Marshall Opening Statement at Environment Subcommittee Hearing on NOAA EPIC Implementation
Thank you for holding this hearing, Chairwoman Fletcher. I want to thank our witnesses for appearing before the subcommittee, especially Dr. Jacobs who is in front of the Committee for the third time this Congress, and all of you on the panel for sharing your perspectives.
Weather prediction is something that affects the constituents of every Member up here. From the fields of Kansas to the Outer Banks of North Carolina, anticipating the strength and conditions of the next weather event can save lives and property.
I’m proud to say the Science Committee acted decisively last Congress by passing the Weather Research and Forecasting Innovation Act (the Weather Act) and the National Integrated Drought Information System (NIDIS) Reauthorization Act.
The Weather Act was the first authorizing legislation to address weather forecasting in 25 years and prioritized improving weather data, modeling, computing, and forecasting. I’d like to extend my gratitude to Ranking Member Lucas for introducing what is now a law and for his continued leadership on this issue.
The NIDIS Reauthorization Act established the Earth Prediction Innovation Center (EPIC), the topic of our hearing today. EPIC, when completed, will crowdsource the expertise of the private sector and the research communities to improve our forecasting models. This aligns with Congress’ vision for the program by leveraging the weather enterprise to provide knowledge and skill on numerical weather prediction.
The Federal Government should be doing more to utilize the resources of private companies and university researchers, who are often the leading sources of innovations. In addition to having world-class facilities and minds, private companies and academics are extremely flexible in research development and cost-effective in their methods.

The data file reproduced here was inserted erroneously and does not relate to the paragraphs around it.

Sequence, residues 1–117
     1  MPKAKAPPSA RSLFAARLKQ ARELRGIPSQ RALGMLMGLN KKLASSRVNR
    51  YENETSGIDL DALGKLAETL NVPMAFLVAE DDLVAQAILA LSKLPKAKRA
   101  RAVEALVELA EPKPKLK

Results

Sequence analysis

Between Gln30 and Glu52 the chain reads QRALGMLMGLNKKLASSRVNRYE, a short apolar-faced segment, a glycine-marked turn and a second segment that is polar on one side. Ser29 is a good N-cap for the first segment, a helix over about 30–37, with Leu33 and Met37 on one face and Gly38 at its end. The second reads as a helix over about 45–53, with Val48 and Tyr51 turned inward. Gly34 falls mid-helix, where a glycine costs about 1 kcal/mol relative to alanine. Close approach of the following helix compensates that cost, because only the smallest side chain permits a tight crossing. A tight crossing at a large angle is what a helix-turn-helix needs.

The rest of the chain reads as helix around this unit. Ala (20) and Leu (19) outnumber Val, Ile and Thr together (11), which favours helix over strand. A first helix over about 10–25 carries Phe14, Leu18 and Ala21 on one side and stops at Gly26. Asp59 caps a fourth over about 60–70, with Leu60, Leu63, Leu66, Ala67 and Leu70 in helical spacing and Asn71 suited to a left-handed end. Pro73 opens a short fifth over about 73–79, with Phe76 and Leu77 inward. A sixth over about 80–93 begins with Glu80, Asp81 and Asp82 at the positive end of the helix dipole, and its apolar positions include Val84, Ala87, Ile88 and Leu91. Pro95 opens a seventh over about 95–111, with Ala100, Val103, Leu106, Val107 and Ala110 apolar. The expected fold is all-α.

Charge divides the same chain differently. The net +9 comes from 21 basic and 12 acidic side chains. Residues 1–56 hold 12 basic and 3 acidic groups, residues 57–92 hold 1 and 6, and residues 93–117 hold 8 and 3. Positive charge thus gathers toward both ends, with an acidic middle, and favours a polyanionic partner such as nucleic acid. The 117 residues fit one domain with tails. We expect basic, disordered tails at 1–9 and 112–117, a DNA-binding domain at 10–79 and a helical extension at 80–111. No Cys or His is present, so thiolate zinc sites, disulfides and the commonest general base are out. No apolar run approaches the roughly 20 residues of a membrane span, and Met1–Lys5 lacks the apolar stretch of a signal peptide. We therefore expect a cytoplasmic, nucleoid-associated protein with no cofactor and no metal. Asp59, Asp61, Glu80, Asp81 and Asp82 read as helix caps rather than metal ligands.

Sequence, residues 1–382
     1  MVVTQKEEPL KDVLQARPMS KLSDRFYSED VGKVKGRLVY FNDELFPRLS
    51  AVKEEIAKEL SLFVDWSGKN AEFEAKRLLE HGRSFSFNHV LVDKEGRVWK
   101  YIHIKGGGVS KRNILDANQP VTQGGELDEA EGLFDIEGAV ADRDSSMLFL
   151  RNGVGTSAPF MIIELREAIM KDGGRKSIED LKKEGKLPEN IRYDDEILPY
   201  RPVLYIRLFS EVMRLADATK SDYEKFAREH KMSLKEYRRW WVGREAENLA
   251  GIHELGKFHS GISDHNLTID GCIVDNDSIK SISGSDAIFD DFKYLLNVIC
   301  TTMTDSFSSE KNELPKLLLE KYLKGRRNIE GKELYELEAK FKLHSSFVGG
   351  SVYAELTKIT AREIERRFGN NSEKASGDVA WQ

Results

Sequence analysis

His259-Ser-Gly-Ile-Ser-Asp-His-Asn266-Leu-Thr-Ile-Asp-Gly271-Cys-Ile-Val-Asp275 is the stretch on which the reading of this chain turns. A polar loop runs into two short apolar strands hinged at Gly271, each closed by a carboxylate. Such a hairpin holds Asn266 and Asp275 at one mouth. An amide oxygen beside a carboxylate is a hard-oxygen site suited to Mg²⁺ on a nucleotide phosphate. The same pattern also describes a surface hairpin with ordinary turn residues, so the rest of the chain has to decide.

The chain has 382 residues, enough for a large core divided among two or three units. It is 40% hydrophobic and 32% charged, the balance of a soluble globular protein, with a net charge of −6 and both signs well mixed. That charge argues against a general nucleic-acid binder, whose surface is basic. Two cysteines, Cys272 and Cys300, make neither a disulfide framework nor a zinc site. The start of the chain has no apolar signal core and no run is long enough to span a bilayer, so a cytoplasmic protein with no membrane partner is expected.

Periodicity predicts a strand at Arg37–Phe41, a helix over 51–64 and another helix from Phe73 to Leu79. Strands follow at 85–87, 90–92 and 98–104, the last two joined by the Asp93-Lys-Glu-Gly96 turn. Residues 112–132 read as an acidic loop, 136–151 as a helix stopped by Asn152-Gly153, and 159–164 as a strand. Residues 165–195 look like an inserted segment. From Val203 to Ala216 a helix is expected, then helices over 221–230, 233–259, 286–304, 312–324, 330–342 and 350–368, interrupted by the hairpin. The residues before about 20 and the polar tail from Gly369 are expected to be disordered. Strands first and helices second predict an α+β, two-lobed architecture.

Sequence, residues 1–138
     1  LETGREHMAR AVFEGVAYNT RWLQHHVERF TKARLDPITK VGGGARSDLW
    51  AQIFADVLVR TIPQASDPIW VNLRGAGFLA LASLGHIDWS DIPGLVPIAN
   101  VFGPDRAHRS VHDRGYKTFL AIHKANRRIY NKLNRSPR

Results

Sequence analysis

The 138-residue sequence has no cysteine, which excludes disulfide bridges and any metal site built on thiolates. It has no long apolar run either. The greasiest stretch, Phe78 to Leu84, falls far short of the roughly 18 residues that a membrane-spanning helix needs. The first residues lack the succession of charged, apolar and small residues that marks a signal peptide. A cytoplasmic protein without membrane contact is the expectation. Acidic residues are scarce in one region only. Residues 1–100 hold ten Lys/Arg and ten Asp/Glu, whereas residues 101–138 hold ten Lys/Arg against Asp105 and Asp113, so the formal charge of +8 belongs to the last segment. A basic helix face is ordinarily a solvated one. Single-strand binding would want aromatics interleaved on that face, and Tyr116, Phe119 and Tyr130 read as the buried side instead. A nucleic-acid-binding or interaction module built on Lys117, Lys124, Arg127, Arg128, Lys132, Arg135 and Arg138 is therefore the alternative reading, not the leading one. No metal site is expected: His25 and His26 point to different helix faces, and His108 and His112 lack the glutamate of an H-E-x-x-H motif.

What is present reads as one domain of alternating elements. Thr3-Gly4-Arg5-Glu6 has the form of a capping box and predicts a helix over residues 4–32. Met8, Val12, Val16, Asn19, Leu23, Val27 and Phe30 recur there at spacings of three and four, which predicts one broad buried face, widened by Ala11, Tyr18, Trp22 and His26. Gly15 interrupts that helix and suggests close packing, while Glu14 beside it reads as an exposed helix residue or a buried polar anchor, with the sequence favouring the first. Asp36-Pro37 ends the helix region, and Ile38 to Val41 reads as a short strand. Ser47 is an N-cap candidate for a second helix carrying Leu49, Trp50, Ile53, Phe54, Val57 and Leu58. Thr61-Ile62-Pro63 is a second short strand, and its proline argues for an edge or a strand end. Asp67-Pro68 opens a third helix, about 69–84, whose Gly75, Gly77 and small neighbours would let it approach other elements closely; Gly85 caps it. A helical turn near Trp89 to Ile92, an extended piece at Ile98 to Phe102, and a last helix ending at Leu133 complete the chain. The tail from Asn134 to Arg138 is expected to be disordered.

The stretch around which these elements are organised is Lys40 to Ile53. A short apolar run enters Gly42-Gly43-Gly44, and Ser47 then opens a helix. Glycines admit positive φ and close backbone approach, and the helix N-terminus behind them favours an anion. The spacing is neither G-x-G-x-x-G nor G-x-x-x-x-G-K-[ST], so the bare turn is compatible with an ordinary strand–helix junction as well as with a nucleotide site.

It is in the best interest of Kansan farmers, ranchers, emergency personnel, and every day residents to have more accurate forecasts. And EPIC is an important step in the improvement of our forecasting ability.
In 2012, Hurricane Sandy caused nearly $70 billion in damage as it made landfall in Cuba and the Northeast coast of the United States. This was the catalyzing weather event which caused Congress to examine how we could improve weather forecasting. We don’t know when the next “superstorm” will be, but it is my hope that through EPIC, NOAA and the National Weather Service will be fully prepared to predict, respond, and recovery from the next severe weather event.
While NOAA has taken the initial steps to implement EPIC, we must see a stronger sense of urgency moving forward. Because it is designed as a community approach to weather prediction and modeling, I look forward to hearing how Dr. Mass and others have been involved in implementing this center and getting their feedback on how to ensure a successful and timely completion.
Thank you, Madam Chair. I yield back.